To perform fluorescence time lapse experiments, Lifeact-eGFP transfected C3H/10T1/2 cells were seeded into 6-well plate dishes at a density of 3.5 × 105 cells/well in normal growth medium 48 h before the experiment. The plates were transferred into the heated chamber of an Olympus IX81 motorized inverted microscope (Olympus Medical) and incubated at 37°C throughout the experiment. Pictures of three different fields of view per dish were taken every 10 min for 4 h using an air long working distance 20× objective (NA 0.45). After the capture of the first image, the inflammatory cytokines IL-1β (1, 10, or 100 ng/ml) or TNF (10 or 100 ng/ml) or vehicle control (PBS) were added to the cells. Time-lapse images were then analyzed using the 3D imaging software IMARIS to track and quantify cell eccentricity (the ratio of cell length to cell width). Cell length was quantified as the longest side of the cell in the direction of cell elongation. Cell width measurement was taken perpendicularly to the middle of the cell length. For all three fields of view cell eccentricity was measured for at least five cells and the mean cell eccentricity was determined for each field of view. The overall mean cell eccentricity was then plotted per dish for each time point, and normalized to the general mean cell eccentricity at time point 0 h (time point captured before the addition of cytokines or vehicle control).

Statistics.

Data were plotted and statistically analyzed using Prism (GraphPad Software). Results were expressed as means ± SEM, and significant differences between multiple groups were identified by one-way analysis of variance, followed by Newman-Keuls Multiple Comparison Test. Whenever two groups were compared, Student’s t test was used. P-values < 0.05 were considered significant.

Online supplemental material.

Video 1 shows the development of an inflammatory response as induced by TNF in a cremaster muscle venule of an aSMA-RFPcherry x Lys-EGFP-ki mouse immunostained in vivo for EC junctions with the nonblocking C390 anti–PECAM-1 mAb and as observed by real-time confocal microscopy in vivo. Video 2 and Videos 3–5 are four examples of abluminal crawling of neutrophils along pericyte processes as observed by live confocal microscopy in vivo in a cremasteric venule of an aSMA-RFPcherry x Lys-EGFP-ki mouse after TNF-stimulation. Videos 2 and 3 are from the same image sequence with or without the endothelium being visible, respectively. Video 6 shows a pericyte layer hot spot where multiple neutrophils are migrating through the same gap between adjacent pericytes in a cremasteric postcapillary venule of an αSMA-RFPcherry x Lys-EGFP-ki mouse, as observed by live confocal microscopy in vivo. Online supplemental material is available at http://www.jem.org/cgi/content/full/jem.20111622/DC1.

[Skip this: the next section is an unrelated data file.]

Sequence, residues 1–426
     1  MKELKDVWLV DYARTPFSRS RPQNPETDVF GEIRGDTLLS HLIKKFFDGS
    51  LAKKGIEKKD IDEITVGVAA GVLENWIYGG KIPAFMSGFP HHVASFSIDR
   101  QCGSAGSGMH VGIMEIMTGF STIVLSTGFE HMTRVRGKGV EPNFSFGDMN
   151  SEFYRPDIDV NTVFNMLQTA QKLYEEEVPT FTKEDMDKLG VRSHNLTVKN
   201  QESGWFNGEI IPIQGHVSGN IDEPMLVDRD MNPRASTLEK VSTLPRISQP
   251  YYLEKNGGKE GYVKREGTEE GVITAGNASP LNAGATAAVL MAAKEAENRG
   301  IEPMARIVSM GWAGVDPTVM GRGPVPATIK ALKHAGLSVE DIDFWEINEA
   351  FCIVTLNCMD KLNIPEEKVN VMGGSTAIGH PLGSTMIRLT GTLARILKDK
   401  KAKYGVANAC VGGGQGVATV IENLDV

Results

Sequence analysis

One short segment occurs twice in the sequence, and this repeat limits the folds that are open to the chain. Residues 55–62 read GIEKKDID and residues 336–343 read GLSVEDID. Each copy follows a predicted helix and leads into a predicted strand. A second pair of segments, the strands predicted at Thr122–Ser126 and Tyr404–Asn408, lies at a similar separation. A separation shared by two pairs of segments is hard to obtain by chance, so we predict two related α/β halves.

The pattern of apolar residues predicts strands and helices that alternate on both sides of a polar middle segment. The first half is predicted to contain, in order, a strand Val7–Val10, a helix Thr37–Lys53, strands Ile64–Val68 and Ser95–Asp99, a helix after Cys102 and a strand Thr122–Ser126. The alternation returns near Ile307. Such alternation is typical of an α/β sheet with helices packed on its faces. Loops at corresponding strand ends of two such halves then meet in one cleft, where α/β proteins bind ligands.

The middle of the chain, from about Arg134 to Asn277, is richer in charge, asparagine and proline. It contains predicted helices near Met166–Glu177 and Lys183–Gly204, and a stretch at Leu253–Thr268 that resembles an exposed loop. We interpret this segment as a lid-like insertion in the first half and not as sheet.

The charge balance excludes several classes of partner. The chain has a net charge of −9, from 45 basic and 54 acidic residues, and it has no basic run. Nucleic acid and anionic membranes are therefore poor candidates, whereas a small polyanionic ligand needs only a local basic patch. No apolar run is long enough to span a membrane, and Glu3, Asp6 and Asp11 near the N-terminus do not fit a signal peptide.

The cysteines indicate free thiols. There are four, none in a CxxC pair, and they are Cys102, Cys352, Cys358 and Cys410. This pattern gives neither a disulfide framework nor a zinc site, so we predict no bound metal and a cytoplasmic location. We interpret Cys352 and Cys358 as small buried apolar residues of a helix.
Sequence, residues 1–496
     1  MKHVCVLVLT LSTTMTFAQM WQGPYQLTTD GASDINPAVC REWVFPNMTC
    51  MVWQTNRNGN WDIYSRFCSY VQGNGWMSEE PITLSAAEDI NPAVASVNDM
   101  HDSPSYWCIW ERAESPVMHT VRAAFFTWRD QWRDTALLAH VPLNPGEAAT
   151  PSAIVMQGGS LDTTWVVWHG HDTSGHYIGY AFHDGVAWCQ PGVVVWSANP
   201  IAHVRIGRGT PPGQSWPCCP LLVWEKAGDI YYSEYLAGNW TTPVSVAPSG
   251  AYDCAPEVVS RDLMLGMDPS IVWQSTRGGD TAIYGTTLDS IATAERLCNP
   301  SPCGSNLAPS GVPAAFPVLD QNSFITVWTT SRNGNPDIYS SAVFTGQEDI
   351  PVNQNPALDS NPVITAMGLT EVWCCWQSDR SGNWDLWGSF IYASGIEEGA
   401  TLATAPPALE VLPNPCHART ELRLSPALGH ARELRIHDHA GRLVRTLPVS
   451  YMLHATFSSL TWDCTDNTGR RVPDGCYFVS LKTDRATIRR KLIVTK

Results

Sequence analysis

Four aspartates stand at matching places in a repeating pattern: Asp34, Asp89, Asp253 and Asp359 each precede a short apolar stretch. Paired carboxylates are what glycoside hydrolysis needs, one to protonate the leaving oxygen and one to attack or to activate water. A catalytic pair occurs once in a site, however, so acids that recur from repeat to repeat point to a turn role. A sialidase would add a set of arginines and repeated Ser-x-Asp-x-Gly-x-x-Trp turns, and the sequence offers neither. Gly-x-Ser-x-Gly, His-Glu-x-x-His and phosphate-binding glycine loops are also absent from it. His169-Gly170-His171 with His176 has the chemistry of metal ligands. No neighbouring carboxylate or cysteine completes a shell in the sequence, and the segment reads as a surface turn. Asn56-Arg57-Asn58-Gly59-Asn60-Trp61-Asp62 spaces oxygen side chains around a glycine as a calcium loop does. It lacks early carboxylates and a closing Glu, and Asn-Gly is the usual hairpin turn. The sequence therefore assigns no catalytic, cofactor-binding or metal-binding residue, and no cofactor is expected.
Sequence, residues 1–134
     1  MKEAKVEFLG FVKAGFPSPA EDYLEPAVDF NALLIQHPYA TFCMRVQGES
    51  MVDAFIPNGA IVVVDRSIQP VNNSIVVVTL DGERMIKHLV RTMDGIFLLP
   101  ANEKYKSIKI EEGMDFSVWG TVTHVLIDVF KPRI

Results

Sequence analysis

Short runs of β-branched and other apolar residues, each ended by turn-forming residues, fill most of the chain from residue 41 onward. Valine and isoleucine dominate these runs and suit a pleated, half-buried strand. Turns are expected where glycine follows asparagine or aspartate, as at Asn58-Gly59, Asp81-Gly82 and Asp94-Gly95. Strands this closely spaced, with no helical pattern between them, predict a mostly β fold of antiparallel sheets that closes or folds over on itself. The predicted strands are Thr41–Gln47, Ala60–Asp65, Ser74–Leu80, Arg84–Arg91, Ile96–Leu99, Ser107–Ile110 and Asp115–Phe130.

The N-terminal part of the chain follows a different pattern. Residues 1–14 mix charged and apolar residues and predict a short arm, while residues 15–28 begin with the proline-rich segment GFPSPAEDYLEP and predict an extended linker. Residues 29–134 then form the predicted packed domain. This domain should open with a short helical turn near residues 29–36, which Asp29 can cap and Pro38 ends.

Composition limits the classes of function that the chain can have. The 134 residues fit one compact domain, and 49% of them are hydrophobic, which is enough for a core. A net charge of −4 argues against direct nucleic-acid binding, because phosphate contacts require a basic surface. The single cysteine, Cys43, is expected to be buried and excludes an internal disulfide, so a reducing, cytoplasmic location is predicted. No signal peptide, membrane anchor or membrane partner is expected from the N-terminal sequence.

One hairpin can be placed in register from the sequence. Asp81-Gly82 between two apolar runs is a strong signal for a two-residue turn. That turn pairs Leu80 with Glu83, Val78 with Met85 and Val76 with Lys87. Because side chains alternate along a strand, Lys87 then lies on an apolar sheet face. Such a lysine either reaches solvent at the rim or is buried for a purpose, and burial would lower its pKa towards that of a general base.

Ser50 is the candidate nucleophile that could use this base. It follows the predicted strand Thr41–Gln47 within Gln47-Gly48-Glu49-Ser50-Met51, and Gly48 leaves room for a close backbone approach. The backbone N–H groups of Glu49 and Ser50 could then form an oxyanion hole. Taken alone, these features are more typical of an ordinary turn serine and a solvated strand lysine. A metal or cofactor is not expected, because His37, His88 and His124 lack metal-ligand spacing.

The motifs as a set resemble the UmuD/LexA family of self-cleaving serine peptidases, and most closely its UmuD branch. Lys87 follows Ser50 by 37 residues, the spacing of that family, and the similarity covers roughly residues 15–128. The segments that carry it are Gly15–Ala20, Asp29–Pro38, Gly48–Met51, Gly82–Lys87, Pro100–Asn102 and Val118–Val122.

Supplementary Material

Supplemental Material:

Acknowledgments

This work was supported by funds from the Wellcome Trust (081172/Z/06/Z) to S. Nourshargh. D. Proebstl was supported by a Medical Research Council PhD studentship awarded to Barts and The London Medical School, and J. Whiteford is an Arthritis Research UK Fellow.

The authors have no conflicting financial interests.

Footnotes

Abbreviations used:

3D
three dimensional
4D
four dimensional
αSMA
α smooth muscle actin
EC
endothelial cell
EGFP
enhanced GFP
ICAM-1
intercellular adhesion molecule-1
i.m.
intramuscular
i.s.
intrascrotal
IVM
intravital microscopy
MFI
mean fluorescence intensity
PECAM-1
platelet EC adhesion molecule-1
RFPcherry
red fluorescent protein cherry
TEM
tran-EC migration

References

  • Alexopoulou A.N., Couchman J.R., Whiteford J.R. 2008. The CMV early enhancer/chicken beta actin (CAG) promoter can be used to drive transgene expression during the differentiation of murine embryonic stem cells into vascular progenitors. BMC Cell Biol. 9:2 10.1186/1471-2121-9-2 [PMC free article] [PubMed] [Cross Ref]
  • Armulik A., Abramsson A., Betsholtz C. 2005. Endothelial/pericyte interactions. Circ. Res. 97:512–523 10.1161/01.RES.0000182903.16652.d7 [PubMed] [Cross Ref]
  • Burns A.R., Walker D.C., Brown E.S., Thurmon L.T., Bowden R.A., Keese C.R., Simon S.I., Entman M.L., Smith C.W. 1997. Neutrophil transendothelial migration is independent of tight junctions and occurs preferentially at tricellular corners. J. Immunol. 159:2893–2903 [PubMed]
  • Christofidou-Solomidou M., Nakada M.T., Williams J., Muller W.A., DeLisser H.M. 1997. Neutrophil platelet endothelial cell adhesion molecule-1 participates in neutrophil recruitment at inflammatory sites and is down-regulated after leukocyte extravasation. J. Immunol. 158:4872–4878 [PubMed]
  • Cohen M.P., Frank R.N., Khalifa A.A. 1980. Collagen production by cultured retinal capillary pericytes. Invest. Ophthalmol. Vis. Sci. 19:90–94 [PubMed]